On a related note, Jeroen Keiren (my former M.Sc. student, graduated 2009; and a former Ph.D. student) and I have started studying minimisation techniques for Boolean Equation Systems. Our early results, which appeared in Haifa Verification Conference 2009, indicate that variations of bisimulation reduction techniques are very powerful in this setting: both huge reductions in size and solving times have been observed consistently in over 300 experiments (and counting). The bisimulation reductions seem to surpass the power of the heuristics of the PGSolver library. Concurrently, Michel Reniers and I have studied bisimilarity of structure graphs underlying arbitrary closed Boolean Equation Systems; this work appeared in SOS 2009. Together with Jeroen Keiren, we have extended this work, fixing some nuances and bugs along the way, see the result in ACM's Transactions on Computational Logic. Together with Jeroen Keiren and Sjoerd Cranen, have been working on extending our work to deal with weaker equivalence relations. One equivalence relation we studied is stuttering equivalence, transposed to the setting of Parity Games. This work was published in NFM'11 and a follow up on that, tailoring stuttering equivalence to parity games, taking forced moves into account appeared in ICTAC'12.

Follow up work by me led to a finer notion of equivalence for PBESs, called consistent correlations, which appeared in CONCUR'10 in Paris, France. This work is of particular importance for boosting productivity in devising novel manipulations for PBESs, and, in particular, in proving their correctness. Maciej Gazda, PhD student in the NWO supported VOCHS project, axiomatised the preorder (which we call a consistent consequence) underlying this equivalence, and shown its decidability to be NP-hard. Details appeared in a SOFSEM'12 paper. Upon closer scrutiny, a subtle bug was found in the axiomatisation (it contained an unsound, but fortunately redundant rule); a subsequent formalisation in the proof assistant Coq, due to Myrthe van Delft under the joint supervision of Herman Geuvers and myself, restored the correctness claim (see our ITP'17 paper).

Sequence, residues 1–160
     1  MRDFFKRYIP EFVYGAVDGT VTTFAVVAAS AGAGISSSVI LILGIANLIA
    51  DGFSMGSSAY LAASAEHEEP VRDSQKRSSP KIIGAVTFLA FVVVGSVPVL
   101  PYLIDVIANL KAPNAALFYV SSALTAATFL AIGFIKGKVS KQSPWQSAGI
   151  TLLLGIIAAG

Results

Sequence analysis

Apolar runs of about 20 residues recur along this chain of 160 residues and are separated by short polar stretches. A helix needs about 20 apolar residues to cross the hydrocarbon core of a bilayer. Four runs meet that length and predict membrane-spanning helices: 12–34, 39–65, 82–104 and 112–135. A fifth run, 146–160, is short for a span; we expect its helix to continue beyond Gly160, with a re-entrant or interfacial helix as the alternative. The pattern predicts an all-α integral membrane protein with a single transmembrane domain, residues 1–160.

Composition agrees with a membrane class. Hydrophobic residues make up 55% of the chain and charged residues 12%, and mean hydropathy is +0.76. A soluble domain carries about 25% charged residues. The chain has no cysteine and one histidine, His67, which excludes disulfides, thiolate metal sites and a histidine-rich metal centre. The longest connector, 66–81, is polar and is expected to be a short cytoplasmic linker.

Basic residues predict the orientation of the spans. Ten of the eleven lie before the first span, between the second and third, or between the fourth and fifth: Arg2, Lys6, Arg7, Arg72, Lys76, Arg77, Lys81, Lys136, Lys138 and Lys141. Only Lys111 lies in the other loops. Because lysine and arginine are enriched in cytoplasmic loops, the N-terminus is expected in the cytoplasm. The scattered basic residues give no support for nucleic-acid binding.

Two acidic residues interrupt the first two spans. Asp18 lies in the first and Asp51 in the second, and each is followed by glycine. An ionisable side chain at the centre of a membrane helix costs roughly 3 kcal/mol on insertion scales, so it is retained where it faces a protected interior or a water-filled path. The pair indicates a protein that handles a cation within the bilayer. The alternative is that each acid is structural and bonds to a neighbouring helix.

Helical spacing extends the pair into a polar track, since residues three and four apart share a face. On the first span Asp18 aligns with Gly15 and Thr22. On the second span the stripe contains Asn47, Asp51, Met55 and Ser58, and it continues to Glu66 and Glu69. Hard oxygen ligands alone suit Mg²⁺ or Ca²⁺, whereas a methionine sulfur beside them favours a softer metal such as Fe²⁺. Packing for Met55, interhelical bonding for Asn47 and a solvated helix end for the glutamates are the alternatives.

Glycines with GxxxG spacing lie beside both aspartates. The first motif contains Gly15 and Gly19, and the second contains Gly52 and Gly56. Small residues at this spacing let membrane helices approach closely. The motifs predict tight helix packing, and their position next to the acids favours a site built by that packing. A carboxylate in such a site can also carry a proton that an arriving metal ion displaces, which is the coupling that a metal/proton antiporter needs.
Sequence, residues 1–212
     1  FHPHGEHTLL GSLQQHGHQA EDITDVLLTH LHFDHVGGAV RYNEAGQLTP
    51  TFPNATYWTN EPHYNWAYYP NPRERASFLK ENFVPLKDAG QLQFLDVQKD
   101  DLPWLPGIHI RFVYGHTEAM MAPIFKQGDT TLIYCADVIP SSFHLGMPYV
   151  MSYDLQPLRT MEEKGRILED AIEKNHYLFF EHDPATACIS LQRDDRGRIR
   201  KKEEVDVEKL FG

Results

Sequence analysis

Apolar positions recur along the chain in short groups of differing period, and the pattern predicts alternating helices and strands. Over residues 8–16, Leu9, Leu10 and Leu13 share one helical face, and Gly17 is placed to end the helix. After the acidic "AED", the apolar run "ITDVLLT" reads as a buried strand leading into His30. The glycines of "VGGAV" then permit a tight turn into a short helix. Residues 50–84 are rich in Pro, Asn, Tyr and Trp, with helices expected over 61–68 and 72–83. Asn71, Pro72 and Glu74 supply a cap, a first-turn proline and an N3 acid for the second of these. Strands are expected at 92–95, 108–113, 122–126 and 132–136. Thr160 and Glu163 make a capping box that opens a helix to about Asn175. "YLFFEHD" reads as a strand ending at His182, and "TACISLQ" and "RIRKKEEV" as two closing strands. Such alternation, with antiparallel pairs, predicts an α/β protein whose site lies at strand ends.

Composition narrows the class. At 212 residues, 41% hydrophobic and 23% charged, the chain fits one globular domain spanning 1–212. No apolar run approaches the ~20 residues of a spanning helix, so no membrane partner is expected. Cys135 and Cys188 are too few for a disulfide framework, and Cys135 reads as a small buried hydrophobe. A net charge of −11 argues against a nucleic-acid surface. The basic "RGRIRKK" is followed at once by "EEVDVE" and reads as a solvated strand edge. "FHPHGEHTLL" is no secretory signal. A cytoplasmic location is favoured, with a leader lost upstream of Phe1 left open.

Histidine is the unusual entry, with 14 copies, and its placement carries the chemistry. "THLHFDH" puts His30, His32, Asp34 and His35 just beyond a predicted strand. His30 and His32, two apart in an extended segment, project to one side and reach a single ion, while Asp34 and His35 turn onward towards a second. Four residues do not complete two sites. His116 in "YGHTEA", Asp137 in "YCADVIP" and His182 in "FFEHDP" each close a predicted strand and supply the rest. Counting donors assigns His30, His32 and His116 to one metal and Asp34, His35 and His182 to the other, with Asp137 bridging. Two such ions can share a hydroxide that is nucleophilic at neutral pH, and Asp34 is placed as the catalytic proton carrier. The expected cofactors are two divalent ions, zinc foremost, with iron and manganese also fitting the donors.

The consistent consequence preorder has inspired us to to investigate abstraction techniques for PBESs. A preliminary report revolving around the idea of using consistent consequence as a technique for abstraction appeared as a technical report in January 2013, and a thoroughly reworked version appeared in ACM's Transactions on Computational Logic in 2015, see here. Work along this line is currently continued by one of my PhD students, Thomas Neele.

Next to the work on using abstraction for solving PBESs, we have been exploring ways of exploiting advances made in SMT solving (preliminary investigations led to the following ATVA paper in 2015), of theory explaining how to extract evidence, such as counterexamples and witnesses for model checking problems and equivalence checking problems from PBESs (see our CONCUR 2013 paper and our CSL 2015 paper; the latter theory we are currently implementing in our mCRL2 tool set). At the algorithmic level, we are constantly improving the parity game-based solvers for solving PBESs, by exploring and experimenting with new parity game algorithms, using parallelism and using symbolic representations.

Much remains to be done, for instance:
• Automate the techniques of this article.
• Tackle PBESs that emerge from real-time verification problems.
• Find new patterns, in particular, those patterns that arise due to model checking real-time systems.
• Study the use of confluence in PBESs.
• ...